This study is led by Prof. Zang (Green Catalysis Center and College of Chemistry, Zhengzhou University), and the research team proposed a new aggregation-induced emission mechanism for phosphorescent nanoclusters, that is, aggregation-induced barrier to oxygen (AIBO).
In their AIE study of phosphorescent trinuclear copper(I) nanoclusters protected by the alkyne ligands, the researchers found that when irradiated dimethyl sulfoxide (DMSO) stock solution containing metal clusters with ultraviolet lamp, a rapid phosphorescent switching effects was observed (see the video below). Interestingly, the emission wavelength after irradiation was very similar to those of the crystalline state and the aggregated state in the water, indicating that the emission mechanism in the solution was the same as that in solid states. “Some other factors must be existence to affect the AIE property of phosphorescent clusters” Prof. Zang says.
As we know, triplet oxygen in solvents quench phosphorescence and can be activated by UV light irradiation to form singlet oxygen in the presence of a photosensitizer. Meanwhile, metal clusters usually exhibit good photosensitive properties. Thus, a possible mechanism for the photo-response property of the metal clusters was proposed and confirmed by experiments: Phosphorescence of the metal clusters is quenched by oxygen molecules without UV light irradiation. Upon UV light irradiation, the oxygen molecules are converted to singlet oxygen due to the photosensitive property of the metal clusters. The produced singlet oxygen reacts with sulfoxide molecules and is depleted, enhancing the phosphorescence of the metal clusters.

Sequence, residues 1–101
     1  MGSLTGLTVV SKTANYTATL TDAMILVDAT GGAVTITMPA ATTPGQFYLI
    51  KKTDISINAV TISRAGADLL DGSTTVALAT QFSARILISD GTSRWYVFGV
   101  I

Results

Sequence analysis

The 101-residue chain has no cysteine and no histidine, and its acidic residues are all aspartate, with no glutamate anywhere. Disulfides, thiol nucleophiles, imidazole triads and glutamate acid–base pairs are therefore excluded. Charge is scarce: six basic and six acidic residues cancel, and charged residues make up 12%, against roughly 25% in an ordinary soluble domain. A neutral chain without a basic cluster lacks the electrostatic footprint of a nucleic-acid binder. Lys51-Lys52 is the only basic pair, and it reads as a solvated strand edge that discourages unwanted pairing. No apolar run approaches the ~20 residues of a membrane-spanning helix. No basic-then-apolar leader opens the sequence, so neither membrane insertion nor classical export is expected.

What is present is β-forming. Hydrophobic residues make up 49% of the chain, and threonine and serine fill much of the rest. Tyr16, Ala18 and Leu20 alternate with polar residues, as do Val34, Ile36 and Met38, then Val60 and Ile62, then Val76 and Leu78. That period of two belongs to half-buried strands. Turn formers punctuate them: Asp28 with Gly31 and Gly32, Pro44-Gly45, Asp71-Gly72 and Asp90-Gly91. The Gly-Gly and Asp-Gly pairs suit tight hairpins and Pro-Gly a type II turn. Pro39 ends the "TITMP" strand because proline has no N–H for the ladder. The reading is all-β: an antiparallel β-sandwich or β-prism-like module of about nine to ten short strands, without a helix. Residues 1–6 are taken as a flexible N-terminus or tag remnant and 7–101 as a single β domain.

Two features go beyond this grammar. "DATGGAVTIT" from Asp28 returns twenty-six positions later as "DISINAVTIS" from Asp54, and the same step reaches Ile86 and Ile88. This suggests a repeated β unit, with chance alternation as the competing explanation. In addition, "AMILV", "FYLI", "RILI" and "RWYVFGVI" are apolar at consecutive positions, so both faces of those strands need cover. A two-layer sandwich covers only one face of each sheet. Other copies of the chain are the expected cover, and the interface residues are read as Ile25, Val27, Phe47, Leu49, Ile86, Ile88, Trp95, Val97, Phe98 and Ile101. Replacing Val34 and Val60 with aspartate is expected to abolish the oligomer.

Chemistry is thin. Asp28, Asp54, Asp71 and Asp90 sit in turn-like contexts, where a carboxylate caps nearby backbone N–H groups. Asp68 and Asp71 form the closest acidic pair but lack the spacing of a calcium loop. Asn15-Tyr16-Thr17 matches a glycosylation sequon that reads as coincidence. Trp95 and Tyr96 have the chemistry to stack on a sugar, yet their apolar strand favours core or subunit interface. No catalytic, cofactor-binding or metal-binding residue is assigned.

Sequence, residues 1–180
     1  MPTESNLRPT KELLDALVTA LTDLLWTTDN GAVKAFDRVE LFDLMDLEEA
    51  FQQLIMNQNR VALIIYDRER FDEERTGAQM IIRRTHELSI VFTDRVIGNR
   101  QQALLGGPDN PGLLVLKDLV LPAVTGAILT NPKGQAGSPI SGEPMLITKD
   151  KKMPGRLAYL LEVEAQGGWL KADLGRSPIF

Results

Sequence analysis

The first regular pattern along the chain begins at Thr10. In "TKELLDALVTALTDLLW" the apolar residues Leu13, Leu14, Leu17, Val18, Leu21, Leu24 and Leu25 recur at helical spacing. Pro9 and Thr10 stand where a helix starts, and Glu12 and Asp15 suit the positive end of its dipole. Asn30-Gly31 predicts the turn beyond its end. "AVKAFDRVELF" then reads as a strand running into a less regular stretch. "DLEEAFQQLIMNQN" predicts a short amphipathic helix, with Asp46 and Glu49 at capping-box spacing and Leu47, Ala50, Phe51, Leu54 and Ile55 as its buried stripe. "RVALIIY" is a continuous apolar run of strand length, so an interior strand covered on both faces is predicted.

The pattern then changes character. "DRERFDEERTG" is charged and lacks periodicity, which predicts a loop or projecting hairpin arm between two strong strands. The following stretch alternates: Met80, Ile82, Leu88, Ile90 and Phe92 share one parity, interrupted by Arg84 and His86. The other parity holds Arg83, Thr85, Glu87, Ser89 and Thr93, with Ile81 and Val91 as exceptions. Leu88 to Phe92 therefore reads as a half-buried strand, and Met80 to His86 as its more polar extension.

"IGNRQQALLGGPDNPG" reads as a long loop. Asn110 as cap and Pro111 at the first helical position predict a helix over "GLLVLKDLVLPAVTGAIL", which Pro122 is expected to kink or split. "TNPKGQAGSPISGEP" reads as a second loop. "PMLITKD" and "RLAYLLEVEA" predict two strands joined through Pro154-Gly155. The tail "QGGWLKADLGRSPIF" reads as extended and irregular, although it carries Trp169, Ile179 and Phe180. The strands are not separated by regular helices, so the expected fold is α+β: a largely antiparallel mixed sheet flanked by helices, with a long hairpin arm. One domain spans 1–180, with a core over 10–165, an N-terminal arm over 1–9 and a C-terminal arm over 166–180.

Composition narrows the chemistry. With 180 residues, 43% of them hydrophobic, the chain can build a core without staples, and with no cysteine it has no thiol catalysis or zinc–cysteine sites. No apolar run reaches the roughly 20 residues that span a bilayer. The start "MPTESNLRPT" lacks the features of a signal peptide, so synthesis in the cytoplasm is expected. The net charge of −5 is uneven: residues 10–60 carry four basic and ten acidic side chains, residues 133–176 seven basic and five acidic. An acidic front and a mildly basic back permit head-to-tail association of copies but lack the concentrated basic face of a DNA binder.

Furthermore, the research team proposed a new AIE mechanism for phosphorescent clusters, namely, aggregation-induced barrier to oxygen (AIBO): When in the solution dispersion state, the phosphorescence of the cluster is quenched by dissolved oxygen in the solvent; however, when the aggregate is formed, the oxygen and cluster are isolated, making the cluster shows strong phosphorescence-emitting properties (see the diagram below). The new mechanism is also validated by dispersing cluster samples in porous silica gel, which demonstrating a super-sensitive sensing effect on oxygen.
This work not only reports a series of AIE copper (I) clusters, enriching their various applications, but more importantly, proposes a new AIE mechanism and provided a new perspective to understand the influence of aggregation on the phosphorescence properties of molecules.
See the article:
Aggregation-induced barrier to oxygen (AIBO) - A new AIE mechanism for metal cluster with phosphorescence
National Science Review